"Delight us, amuse us, educate us, challenge us! "And occasionally, just occasionally, annoy us, for we do not pretend to be saints and to know it all. "Confront us about service delivery failures. "Condemn us when children die of contaminated water. "Expose us when we abuse state resources. "Remind us of our responsibility to lead in an inclusive manner in order to address the deficit of trust and confidence that permeate in our society today. "Be dismayed and report load-shedding and drug stock-outs. "The story of girl children dropping out of school because they are pregnant should be written in a manner that exposes deficiencies in our public policy. "Incidences of municipal police taking bribes instead of prosecuting reckless drivers are our shameful story too, and should be told. "In a word, continue to be critical, speak your minds to the extent that it balances the story of hope, progress and missed opportunities. Empower us to understand our world and our own deficiencies."
How does one reconcile such sentiments with Motsoeneng's dismissal at four minutes and eight seconds into this interview with Justice Malala of the entire corpus of South African newspaper editors, reporters and columnists as "propaganda poisoning the mind set of people"?
How does one reconcile Ramaphosa's principles on media freedom and the need for a politically neutral public broadcaster with Motsoeneng's "70% good news formula"?
How does one reconcile Ramaphosa's principles with the role Motsoeneng and his subordinates played in censoring the booing of President Jacob Zuma on 10 December last year?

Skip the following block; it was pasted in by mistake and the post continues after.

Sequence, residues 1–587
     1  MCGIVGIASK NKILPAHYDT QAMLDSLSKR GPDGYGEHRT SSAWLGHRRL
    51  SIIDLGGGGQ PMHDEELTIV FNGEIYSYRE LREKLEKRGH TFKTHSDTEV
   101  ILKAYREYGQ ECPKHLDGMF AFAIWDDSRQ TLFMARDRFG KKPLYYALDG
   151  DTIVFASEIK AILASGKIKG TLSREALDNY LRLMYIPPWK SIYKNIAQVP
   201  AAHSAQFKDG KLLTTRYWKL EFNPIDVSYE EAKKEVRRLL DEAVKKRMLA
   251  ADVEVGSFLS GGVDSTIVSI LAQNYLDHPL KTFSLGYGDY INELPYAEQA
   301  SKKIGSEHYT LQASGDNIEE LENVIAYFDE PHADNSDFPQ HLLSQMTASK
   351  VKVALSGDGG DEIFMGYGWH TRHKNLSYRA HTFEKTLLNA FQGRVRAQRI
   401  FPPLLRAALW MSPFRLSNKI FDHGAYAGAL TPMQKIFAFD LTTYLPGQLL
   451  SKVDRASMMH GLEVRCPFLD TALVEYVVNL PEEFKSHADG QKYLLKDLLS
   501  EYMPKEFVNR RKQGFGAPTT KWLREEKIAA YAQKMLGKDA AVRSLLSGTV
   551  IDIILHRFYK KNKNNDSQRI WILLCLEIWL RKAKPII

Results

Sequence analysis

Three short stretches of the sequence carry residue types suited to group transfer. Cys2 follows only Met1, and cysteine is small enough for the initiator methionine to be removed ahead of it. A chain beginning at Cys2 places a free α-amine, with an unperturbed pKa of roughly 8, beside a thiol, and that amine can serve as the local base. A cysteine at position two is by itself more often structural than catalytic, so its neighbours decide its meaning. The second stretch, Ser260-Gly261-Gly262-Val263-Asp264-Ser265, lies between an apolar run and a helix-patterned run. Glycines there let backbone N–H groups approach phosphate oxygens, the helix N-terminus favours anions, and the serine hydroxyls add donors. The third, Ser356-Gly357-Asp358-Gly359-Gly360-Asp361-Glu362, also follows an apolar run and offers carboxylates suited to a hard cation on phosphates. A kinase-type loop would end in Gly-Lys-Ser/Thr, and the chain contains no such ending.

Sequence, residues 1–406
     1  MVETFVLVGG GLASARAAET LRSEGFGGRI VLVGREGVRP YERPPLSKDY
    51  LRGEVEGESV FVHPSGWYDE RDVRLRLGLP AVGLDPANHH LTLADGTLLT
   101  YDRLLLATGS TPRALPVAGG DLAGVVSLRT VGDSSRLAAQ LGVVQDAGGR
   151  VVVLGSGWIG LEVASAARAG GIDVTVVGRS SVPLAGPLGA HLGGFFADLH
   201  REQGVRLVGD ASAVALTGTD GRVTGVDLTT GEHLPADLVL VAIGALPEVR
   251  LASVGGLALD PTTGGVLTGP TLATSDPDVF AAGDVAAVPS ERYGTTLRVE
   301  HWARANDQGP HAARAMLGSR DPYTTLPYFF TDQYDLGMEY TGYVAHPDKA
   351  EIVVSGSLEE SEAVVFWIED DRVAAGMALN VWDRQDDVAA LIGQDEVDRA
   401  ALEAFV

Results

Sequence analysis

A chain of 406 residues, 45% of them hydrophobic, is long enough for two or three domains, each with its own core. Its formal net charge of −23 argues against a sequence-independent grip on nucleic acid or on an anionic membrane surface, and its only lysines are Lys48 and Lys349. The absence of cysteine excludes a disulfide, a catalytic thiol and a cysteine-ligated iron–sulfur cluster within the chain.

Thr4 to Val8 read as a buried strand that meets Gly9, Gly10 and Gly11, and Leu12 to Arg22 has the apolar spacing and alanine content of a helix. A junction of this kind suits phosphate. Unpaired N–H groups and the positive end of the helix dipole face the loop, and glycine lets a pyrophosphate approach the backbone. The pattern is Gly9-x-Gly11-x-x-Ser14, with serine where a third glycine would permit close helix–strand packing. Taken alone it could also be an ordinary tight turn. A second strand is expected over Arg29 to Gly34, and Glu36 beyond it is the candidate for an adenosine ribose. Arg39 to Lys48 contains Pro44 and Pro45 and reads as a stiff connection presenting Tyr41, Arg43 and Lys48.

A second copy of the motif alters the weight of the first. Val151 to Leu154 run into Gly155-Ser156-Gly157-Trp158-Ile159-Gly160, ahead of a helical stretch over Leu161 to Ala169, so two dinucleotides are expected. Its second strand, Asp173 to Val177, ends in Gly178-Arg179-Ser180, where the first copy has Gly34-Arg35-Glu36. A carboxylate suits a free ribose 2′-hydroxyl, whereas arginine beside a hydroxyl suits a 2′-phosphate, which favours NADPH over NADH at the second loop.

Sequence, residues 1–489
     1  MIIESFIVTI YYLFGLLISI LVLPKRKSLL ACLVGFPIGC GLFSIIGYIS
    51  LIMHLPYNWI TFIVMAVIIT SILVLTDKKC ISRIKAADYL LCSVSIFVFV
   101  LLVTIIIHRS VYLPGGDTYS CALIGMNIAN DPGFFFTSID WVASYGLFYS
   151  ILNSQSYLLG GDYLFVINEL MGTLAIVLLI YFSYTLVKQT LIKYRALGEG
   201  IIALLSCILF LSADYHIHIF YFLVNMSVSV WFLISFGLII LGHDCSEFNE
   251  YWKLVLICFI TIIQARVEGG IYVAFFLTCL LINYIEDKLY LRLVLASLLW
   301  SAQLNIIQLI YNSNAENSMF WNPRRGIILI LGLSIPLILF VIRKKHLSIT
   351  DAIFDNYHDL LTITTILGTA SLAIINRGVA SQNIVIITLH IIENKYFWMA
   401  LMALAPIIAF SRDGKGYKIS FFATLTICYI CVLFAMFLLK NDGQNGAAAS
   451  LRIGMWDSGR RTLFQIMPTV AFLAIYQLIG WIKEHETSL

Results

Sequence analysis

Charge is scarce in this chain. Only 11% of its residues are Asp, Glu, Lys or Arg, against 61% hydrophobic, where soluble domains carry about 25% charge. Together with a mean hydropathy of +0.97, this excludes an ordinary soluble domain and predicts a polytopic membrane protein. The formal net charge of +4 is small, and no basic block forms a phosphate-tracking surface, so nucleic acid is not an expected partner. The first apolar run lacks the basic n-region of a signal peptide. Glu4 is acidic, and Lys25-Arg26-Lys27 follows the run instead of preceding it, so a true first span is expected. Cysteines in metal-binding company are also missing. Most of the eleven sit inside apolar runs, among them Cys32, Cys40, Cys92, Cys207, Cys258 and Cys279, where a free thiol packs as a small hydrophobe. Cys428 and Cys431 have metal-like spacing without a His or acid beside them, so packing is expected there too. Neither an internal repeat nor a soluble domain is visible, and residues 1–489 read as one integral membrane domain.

Should Ramaphosa come to power and Motsoeneng remain in control of the SABC, then will the former's publicly expressed sentiments on the people's right to be kept informed not ring hollow?
What was expedient for the Zuma administration was that Zikalala's contract was coming to an end when President Thabo Mbeki was ousted in September 2008.
There would have been outrage if Zikalala had been given a golden handshake so the ANC waited and, at the end of April 2009, his contract expired and he was no longer at the helm of the SABC. Motsoeneng's current contract will expire towards the end of President Zuma's final term in office.
It would be interesting to hear Jacob Dlamini's opinion on the current situation at the SABC and to see whether Motsoeneng's career path will mirror what happened to Zikalala.
Ed Herbst is an author and a prize-winning reporter. He worked for SABC television news for 28 years but left in 2005 without other employment in prospect because of the pervasive news and other corruption at all levels of the corporation. He is also a fly fishing enthusiast.